While the coronavirus pandemic has created some “softness” in the rental market, rental growth so far in 2021 has been the fastest on record for data analysts at Apartment List, which released its national rent report for June.

Nationally and in many cities across the country, rents are now above where they would have been had rent growth not been disrupted by the pandemic, according to the report.

Authors Chris Salviati, Igor popov, and Rob warnock add that in markets such as San Francisco and New York where so-called “pandemic pricing” is still in effect, “prices have taken a turn and are now rebounding”.

Specifically, they report that their national index rose 2.3% in June, continuing the trend of rapid price growth since the start of the year. So far in 2021, rental prices have increased 9.2%. For the sake of context, in previous years, growth from January to June is typically only 2-3%, they say.

There are still many variations by region, the authors note and detail in the report on ApartmentList.com.

They report that rental inventory across the country, like the general supply of housing, remains limited, and as vaccine distribution continues to gain momentum, they say, “we could see the release of. pent-up demand from tenants who had delayed moves due to While last year’s peak moving season was interrupted by the pandemic, this year’s seasonal peak appears to be making up for lost time.

Investors continue to take a keen interest in the single-family rental and rental construction markets as home prices continue to accelerate, competition remains fierce and home ownership remains out of reach for many. young adults and first-time buyers.

That said, a study by HireAHelper.com showed that mortgage payments can be lower than rent payments, on average, regardless of utilities and property taxes. The study takes an in-depth look at what residents of various metropolitan areas should consider before deciding to rent or buy a home.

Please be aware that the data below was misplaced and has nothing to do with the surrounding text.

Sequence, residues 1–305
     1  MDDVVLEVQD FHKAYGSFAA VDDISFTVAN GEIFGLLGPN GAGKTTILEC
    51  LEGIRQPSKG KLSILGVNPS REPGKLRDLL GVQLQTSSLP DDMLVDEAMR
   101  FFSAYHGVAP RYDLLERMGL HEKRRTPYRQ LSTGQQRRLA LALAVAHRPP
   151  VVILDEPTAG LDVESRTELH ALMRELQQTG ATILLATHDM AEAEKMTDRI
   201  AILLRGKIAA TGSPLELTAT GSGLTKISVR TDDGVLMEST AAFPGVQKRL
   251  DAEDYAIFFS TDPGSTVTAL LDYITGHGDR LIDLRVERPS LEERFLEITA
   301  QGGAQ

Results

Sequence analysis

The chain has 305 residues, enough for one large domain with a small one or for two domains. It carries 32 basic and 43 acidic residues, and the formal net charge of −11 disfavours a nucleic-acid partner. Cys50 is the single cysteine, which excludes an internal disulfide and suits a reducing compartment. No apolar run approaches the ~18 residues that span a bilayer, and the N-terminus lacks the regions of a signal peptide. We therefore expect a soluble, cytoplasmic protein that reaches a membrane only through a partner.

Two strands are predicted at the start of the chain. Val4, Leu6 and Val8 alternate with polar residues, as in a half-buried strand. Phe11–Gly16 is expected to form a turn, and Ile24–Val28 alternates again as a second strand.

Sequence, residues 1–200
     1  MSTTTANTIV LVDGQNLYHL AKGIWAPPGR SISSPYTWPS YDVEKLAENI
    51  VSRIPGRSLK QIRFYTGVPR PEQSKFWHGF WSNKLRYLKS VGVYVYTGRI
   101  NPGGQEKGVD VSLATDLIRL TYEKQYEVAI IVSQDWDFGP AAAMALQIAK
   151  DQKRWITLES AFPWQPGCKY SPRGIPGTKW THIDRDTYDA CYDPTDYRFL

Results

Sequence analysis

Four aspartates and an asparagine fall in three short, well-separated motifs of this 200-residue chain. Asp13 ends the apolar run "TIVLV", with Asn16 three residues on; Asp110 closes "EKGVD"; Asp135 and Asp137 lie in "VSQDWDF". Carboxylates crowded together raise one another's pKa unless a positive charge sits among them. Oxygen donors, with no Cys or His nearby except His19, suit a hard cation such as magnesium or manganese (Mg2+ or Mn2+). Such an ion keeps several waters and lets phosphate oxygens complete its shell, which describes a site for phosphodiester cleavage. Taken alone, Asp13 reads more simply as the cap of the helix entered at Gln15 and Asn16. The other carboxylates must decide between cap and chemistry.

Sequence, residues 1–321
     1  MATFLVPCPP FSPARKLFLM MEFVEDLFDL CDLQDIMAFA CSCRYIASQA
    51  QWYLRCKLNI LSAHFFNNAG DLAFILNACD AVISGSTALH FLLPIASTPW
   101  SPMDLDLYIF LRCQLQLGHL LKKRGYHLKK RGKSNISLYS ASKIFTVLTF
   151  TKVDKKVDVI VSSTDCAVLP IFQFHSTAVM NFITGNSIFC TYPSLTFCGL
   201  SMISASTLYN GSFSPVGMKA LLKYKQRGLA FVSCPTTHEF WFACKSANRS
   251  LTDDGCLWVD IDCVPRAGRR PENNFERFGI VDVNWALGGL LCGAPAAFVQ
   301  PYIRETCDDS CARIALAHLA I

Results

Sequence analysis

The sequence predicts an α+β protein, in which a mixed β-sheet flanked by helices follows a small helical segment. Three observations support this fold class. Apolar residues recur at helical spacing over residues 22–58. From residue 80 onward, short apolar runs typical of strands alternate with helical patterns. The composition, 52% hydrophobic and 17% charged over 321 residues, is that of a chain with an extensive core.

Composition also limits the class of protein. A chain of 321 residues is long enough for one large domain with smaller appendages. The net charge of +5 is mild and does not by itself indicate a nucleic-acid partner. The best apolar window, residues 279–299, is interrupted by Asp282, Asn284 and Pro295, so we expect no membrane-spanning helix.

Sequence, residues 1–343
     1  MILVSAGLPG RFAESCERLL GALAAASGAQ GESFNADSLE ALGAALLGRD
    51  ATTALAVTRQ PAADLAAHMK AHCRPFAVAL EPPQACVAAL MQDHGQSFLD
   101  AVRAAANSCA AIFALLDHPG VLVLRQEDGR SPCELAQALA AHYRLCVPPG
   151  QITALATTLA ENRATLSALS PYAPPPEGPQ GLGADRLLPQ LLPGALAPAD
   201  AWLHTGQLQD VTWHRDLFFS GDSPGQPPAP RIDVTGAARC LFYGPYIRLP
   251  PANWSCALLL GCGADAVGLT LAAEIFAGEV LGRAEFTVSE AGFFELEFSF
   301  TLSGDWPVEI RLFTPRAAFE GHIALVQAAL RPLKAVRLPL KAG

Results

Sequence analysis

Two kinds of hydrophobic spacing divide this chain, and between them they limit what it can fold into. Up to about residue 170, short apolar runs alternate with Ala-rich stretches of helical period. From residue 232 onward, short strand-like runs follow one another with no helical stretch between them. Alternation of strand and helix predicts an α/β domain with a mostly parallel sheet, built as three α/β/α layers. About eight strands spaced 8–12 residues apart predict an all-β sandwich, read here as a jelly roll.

“Owning a home seems to be more expensive than renting, and not just as an initial investment, but also on an ongoing basis,” notes which summarizes the study.

“With utilities, taxes, and other typical costs included, the average cost of ownership in the United States is around $ 1,556 per month, while renting is $ 1,143 per month,” notes Kuprivanov. “As true as this may be in nominal terms, there is one key aspect to consider in deciding which one is more affordable: household income.”

This study only showed two metropolitan areas where renting was found to be more affordable than owning. Yet many hurdles still exist for promising buyers, according to CoreLogic’s latest home price index.

“First-time buyers are hitting a wall in many places across the country as the pace of rising home prices outweighs the benefits of falling borrowing costs. Young people and first-time buyers, including millennials, face the challenge of having enough savings for a down payment, closing costs and cash reserves, ”said Franck Martell, President and CEO of CoreLogic commenting on the company’s monthly index. “As we look at the 2021 balance, we expect price increases to continue, which could very well push potential buyers out of the market in many areas and slow home price growth over the next decade. next year. “

A report from Apartment List earlier this year showed that millennials year after year are less interested in homeownership. In 2018, 11% never considered themselves to be owners. In 2019, that number rose to 12%. In 2020, the percentage of millennials who never saw themselves buying a home rose to 18%.



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